Ubiquisys, the developer of intelligent small cells, announced this week (27 November 2012) that its GM7 multi-mode cell for indoor public spaces has been selected for deployment in significant small cell programmes in South Korea and Japan.
The new cell, which supports LTE, 3G-HSPA+ and Wi-Fi, is specifically designed for use in a wide range of public spaces such as stores, malls, and transport hubs. The GM7 features ActiveCell(r) high-availability software with 99.999% uptime proven at thousands of indoor metro sites in South Korea and Japan.
Ubiquisys notes that mobile carriers have been actively shifting their focus towards indoor public access small cells and away from outdoor models, where they face significant deployment challenges surrounding site acquisition, backhaul and power.
This is unsurprising, says the company, as more than 70% of mobile data is consumed indoors, where there is an abundance of IP backhaul, power and motivated site owners. Indoor small cells also provide maximum re-use of valuable spectrum assets and a stronger signal for mobile users.
Chris Gilbert, CEO of Ubiquisys, said: ‘Outdoor small cells have a role to play, but the problems of site acquisition costs, backhaul and power coupled with the majority of data usage occurring inside is making indoor metrocells more compelling to carriers. Indoor small cells have clear technical and economic advantages, provide a natural integration point with Wi-Fi, and can be fully deployed in just three months. That's why carriers are increasingly making them the first choice for multiplying data capacity and coverage.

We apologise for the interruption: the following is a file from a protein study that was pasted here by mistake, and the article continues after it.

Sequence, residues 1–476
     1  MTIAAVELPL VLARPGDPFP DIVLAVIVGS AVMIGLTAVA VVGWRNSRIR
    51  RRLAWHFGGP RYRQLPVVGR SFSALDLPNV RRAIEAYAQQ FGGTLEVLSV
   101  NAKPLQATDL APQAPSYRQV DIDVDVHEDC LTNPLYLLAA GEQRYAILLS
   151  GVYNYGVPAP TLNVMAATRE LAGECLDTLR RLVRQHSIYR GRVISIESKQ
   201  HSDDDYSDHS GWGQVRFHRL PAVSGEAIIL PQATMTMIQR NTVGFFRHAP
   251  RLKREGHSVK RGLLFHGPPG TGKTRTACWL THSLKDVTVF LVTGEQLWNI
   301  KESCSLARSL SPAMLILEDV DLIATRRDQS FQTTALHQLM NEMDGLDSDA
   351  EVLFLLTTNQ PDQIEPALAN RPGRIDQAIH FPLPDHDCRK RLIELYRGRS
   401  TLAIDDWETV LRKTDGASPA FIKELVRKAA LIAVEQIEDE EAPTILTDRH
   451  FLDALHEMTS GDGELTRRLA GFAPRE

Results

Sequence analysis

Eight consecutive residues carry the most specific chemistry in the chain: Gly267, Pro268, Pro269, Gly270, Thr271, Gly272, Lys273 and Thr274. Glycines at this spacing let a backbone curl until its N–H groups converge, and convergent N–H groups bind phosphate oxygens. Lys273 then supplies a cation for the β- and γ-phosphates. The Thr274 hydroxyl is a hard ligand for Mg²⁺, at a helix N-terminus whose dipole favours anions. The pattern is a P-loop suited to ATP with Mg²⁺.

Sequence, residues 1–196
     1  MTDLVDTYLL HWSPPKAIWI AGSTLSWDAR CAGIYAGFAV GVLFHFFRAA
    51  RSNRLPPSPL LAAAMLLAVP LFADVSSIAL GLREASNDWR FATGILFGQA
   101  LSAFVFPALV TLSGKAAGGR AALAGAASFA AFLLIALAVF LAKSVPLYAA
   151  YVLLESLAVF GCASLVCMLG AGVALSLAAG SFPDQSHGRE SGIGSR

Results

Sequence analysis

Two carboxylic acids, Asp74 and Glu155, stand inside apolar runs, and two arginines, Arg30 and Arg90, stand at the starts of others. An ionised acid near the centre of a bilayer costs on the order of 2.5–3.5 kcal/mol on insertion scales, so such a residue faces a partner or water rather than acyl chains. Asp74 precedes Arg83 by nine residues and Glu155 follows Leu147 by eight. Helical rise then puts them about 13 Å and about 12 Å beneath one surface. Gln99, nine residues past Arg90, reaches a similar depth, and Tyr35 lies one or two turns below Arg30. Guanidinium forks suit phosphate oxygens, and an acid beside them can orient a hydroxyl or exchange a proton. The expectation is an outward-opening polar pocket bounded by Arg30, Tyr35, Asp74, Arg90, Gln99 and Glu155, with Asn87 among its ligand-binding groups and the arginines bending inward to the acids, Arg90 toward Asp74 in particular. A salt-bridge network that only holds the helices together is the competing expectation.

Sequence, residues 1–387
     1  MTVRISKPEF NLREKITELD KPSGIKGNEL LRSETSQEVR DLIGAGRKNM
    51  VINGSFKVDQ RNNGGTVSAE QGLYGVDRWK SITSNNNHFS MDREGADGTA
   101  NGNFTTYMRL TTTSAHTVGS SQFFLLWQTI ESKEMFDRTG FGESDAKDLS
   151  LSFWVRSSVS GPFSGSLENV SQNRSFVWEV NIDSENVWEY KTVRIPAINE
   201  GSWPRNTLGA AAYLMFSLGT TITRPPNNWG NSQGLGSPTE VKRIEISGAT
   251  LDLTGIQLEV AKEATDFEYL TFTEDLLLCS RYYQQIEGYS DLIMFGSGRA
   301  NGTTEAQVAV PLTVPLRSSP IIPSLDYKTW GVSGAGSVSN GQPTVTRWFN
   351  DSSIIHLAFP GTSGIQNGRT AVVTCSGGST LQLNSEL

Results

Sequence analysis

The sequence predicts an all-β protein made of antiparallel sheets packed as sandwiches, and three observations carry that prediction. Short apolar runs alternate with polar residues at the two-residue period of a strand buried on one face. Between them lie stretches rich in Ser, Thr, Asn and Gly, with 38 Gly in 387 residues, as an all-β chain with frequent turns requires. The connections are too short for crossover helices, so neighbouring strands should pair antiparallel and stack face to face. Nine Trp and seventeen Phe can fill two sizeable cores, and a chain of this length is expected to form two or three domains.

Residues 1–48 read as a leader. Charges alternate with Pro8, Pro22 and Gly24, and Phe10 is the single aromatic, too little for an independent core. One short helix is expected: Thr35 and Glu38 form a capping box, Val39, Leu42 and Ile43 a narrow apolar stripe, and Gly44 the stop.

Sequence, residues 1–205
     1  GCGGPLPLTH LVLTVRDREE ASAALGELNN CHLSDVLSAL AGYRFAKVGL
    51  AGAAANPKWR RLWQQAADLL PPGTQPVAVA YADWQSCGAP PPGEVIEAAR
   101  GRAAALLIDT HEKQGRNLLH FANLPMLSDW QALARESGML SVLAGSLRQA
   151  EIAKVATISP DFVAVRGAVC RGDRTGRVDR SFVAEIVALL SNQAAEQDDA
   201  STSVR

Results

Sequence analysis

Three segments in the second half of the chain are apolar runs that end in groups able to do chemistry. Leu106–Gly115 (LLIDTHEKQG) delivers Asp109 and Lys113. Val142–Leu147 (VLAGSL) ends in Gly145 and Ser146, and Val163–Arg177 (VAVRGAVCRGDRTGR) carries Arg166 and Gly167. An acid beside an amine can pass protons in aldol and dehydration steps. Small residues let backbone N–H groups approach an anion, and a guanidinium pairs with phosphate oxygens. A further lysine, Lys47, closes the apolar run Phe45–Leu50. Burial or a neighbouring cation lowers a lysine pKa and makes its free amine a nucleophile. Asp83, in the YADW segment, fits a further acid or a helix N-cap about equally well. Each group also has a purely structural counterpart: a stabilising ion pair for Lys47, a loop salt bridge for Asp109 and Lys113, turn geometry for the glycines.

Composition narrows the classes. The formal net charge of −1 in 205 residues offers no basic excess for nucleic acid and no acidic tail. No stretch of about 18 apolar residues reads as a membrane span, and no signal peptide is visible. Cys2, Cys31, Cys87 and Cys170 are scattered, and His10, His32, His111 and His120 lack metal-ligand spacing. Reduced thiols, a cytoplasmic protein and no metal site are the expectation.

Carrier-grade multi-mode flexibility with Texas Instruments
The Ubiquisys GM7 uses Texas Instruments' high performance TMS320TCI6614 chipset solution providing simultaneous LTE and 3G-HSPA, which Ubiquisys ActiveCell(r) software can dynamically balance according to demand. The underlying KeyStone architecture reflects TI's long experience as a leader in base station infrastructure, with specific features designed to handle the hundreds of data users these cells will serve.
These include specific hardware acceleration for Layer2, including queuing engines and powerful Direct Memory Access (DMA), separate Layer3 processing and a dedicated network processing engine to handle complex backhaul packet processing.
Lowest total cost of ownership
Joe Madden, principal analyst at Mobile Experts, commented: ‘Together with our Advisory Panel of mobile operators, we recently conducted a study into the total cost of ownership (TCO), for serving mobile data to indoor public spaces, comparing indoor small cells, outdoor small cells and macro cells. The figures show that the indoor small cell TCO is approximately half of the outdoor small cell TCO, and five times lower than the macrocell TCO for each MB of data served.’